“At the time of his arrest the defendant was living in a mansion in Beverly Hills with a rental payment of approximately $50,000 per month.  His wife drove a Jaguar and he was chauffeured around in a Bentley. He employed body guards, a cook, and several other staff at his mansion. Nevertheless, he expects this Court to believe that upon being arrested he instantly and inexplicably became penniless.”

  • Commenting on his wealth, Mouli has stated that he has “developed a business development fund” which at the time of his arrest was valued “by accountants at nearly $100 million (based on the prognosis for the companies being developed).”
  • Over the past several years, Cohen has offered himself to investors as a highly successful investor but apparently forgot to inform the IRS!  The government alleges that they are “unaware of the defendant earning any actual income by a a legitimate means over the last decade” and if any of his “ideas/companies have actually generated any income for him….[Cohen] has failed to pay tax on that income.”  In Cohen’s response, he claims that he regularly filed income tax returns and that in the view of his “prominent lawyers and tax experts,” tax was not due because of the “nature of the companies and the companies that generate these funds.”
  • Perhaps the most striking revelation offered by the government to date are Cohen’s telephone calls that the government recorded while he was in jail.  The government alleges that during these conversations, Cohen made statements suggesting he has “significant” assets available which upon his temporary release, “it will be all over” suggesting he is a serious risk of flight.
  • Sadly, there have been numerous reported correspondences between Cohen’s victims and the Justice Department dating back to 2006 requesting the government to take a closer look at Cohen.  Additionally, the SEC began looking into Cohen in at least July 2009 when they reportedly sent him a letter requesting a voluntary production of documents.  Ironically, on August 3, 2010 Cohen received an exoneration letter from the SEC just days before his arrest.  Could this have been the government’s ploy to get Cohen’s guard down before his arrest as court transcripts suggest they were seeking to apprehend him in early July 2010?  (We are giving the SEC the benefit of the doubt here!)SEC letter to Mouli Cohen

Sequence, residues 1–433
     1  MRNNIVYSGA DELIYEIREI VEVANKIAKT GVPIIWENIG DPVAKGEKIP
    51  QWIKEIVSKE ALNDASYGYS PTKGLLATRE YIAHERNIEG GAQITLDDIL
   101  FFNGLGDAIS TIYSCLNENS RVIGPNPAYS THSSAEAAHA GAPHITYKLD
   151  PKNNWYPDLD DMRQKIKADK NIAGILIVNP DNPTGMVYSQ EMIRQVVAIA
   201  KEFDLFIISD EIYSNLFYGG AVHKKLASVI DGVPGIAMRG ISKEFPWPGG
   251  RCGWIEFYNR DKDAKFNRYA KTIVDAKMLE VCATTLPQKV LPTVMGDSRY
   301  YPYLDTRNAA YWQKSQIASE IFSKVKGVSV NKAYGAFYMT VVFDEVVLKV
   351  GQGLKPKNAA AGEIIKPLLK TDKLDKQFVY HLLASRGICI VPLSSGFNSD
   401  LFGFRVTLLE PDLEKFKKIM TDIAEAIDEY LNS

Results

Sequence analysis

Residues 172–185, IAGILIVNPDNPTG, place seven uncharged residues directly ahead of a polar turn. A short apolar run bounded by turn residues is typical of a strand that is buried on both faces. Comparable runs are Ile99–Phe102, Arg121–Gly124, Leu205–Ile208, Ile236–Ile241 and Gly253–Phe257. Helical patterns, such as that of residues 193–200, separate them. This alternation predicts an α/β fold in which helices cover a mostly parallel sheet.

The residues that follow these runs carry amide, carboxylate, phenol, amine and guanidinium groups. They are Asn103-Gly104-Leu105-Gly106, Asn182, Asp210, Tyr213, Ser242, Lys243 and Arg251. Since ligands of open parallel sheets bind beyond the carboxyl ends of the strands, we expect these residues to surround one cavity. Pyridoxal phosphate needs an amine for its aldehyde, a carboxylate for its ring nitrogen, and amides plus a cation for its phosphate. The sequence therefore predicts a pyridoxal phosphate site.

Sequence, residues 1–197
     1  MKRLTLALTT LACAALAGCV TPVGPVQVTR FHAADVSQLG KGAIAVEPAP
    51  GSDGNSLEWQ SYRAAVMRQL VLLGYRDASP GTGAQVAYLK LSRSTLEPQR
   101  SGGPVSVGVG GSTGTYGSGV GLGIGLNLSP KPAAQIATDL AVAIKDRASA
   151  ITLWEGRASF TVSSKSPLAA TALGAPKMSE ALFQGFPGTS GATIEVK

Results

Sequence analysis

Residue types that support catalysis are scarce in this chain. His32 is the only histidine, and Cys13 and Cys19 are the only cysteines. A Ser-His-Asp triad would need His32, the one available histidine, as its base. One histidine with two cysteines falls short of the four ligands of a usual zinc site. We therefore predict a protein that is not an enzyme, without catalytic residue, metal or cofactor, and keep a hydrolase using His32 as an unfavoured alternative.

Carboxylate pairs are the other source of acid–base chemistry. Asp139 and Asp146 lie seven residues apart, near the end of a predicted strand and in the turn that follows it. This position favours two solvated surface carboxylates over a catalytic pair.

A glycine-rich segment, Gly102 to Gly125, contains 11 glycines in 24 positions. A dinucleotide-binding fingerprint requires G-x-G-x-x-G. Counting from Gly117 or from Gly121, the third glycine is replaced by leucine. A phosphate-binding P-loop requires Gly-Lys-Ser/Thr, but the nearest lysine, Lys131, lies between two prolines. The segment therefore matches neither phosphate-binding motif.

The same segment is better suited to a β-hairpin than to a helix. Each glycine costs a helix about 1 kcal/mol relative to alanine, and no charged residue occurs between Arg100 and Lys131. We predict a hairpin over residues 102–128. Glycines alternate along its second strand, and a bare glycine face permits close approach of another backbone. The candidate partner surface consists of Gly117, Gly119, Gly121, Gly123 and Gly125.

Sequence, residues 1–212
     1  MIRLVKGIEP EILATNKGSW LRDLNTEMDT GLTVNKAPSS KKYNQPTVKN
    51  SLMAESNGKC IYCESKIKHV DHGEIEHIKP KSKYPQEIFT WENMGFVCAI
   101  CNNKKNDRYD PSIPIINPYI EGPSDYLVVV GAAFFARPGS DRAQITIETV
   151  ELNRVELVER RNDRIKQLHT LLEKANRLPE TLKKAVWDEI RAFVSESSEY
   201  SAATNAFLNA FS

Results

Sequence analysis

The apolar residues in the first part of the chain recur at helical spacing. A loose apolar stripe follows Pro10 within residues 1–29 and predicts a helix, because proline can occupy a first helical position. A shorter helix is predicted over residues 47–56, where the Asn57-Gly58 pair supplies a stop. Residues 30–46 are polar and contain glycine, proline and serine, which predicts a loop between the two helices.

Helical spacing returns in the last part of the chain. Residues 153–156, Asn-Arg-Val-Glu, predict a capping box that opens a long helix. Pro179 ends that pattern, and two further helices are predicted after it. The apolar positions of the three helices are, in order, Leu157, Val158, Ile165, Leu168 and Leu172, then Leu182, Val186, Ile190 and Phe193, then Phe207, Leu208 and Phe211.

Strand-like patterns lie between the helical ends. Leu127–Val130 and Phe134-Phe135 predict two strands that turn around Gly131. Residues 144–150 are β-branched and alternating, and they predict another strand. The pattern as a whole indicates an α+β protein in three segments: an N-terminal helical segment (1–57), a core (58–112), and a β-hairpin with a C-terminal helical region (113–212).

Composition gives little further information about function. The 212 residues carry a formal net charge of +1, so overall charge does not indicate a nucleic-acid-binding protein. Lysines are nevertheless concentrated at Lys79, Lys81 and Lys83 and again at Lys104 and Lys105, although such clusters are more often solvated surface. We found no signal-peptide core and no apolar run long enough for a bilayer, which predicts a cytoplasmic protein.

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September 2011 Update: Samuel “Mouli” Cohen Trial Set

Hiring a professional private investigator to conduct a comprehensive due diligence investigation on Samuel “Mouli” Cohen would have identified multiple “red flags” that could have saved investors millions of dollars.

On August 9, 2010, federal prosecutors in California unsealed a criminal indictment accusing local businessman Samuel “Mouli” Cohen of defrauding over 55 investors, including actor Danny Glover, out of more than $30 million with claims that his company was about to be acquired by Microsoft Corp. On his website, the Israel-born Cohen describes himself as an entrepreneur, “one of the few to have success in biotechnology and high technology,” and he claims to have “generated well over $3 billion in shareholder value.”

According to the indictment, Cohen allegedly lied to investors with claims that his company, Ecast, was about to be acquired by Microsoft and that once the deal was completed, Cohen’s Ecast shares would be exchanged on a 1-for-1 basis for Microsoft shares of stock, which would have netted investors significant gains. According to a related civil lawsuit that Glover and his affiliate Vanguard Public Foundation filed against Cohen last year, Vanguard “has been effectively destroyed” by Cohen’s activities. Cohen was a persuasive salesman who had “all the trappings of success,” according to Peter Rehon, a lawyer in the civil suit.

Does this sound familiar?

Now we cannot live in hindsight, but we can learn from our mistakes and shortcomings. By hiring a investigator with both the knowledge and experience to conduct a comprehensive due diligence investigation on Mr. Cohen, certain “red flags” would have immediately stood-out:

  • Prior Allegations of Fraud – A review of civil litigation filings where Mr. Cohen either resided or worked identified more than 20 lawsuits against him dating back to the 1990’s. They include two lawsuits from 2003 and 2004 which contained fraud allegations against Cohen that are nearly identical to the recently-filed criminal indictment. A more in-depth review of the those litigation filings would have uncovered allegations that Cohen was not the successful entrepreneur with a self-reported net worth of over $40 million and was Ecast not close to finalizing any merger deals or financing agreements with Microsoft.